'Weak leadership' on minimum alcohol pricing and British women will live shorter lives than other Europeans
A round-up of the morning’s health news headlines on Wednesday 13 March
Labour has accused the government of ‘weak leadership’ after it emerged plans for minimum pricing of alcohol in England and Wales may be dropped, the BBC reports.
Conservative ministers are split over the proposed 45p per unit price to tackle problem drinking, but the BBC understands that the plans now face opposition from within the Government.
Cabinet ministers including home secretary Theresa May, education secretary Michael Gove and Commons leader Andrew Lansley are said to oppose the move, which supporters such as prime minister David Cameron says would help reduce levels of alcohol-related illness and crime.
Tory MP and former GP Sarah Wollaston said: ‘To ditch this evidence-based measure would be a real tragedy’ while Labour said it would be a ‘humiliating climb-down’.
The Telegraph, brings us the news that British girls can expect to live shorter lives than many of their continental cousins, according to a World Health Organisation (WHO) report.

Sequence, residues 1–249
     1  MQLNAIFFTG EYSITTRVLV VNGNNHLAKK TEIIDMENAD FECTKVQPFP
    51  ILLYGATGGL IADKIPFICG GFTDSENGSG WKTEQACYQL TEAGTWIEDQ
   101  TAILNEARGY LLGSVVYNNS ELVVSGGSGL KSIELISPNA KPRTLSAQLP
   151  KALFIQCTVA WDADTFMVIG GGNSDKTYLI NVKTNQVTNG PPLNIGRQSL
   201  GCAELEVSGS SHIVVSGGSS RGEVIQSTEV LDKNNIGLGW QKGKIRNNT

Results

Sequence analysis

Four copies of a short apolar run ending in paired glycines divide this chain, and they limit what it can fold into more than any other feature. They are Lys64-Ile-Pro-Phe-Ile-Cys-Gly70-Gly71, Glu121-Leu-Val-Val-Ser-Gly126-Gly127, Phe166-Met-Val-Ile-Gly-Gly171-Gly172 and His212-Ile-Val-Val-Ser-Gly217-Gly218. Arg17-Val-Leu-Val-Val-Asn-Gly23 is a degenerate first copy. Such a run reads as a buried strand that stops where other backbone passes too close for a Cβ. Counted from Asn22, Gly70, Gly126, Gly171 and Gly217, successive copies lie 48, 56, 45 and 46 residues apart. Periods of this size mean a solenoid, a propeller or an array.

The UK is 19th on the list in Europe, lagging behind all major western European countries and others including Greece and Slovenia.
A Spanish girl born between 2006 and 2010 can expect to live to 85 - the longest in Europe - but British girls born at the same time can expect to die almost two and a half years sooner.
French women will live until they are 84.8 years old, Italian women until they are 84.5 years old and German women until they are 83.1.
As British women are among the fattest in Europe, with almost a quarter of British women so fat their health is suffering according to recent European Commission research, lifestyle is thought to account for some of the differences between countries in Western Europe.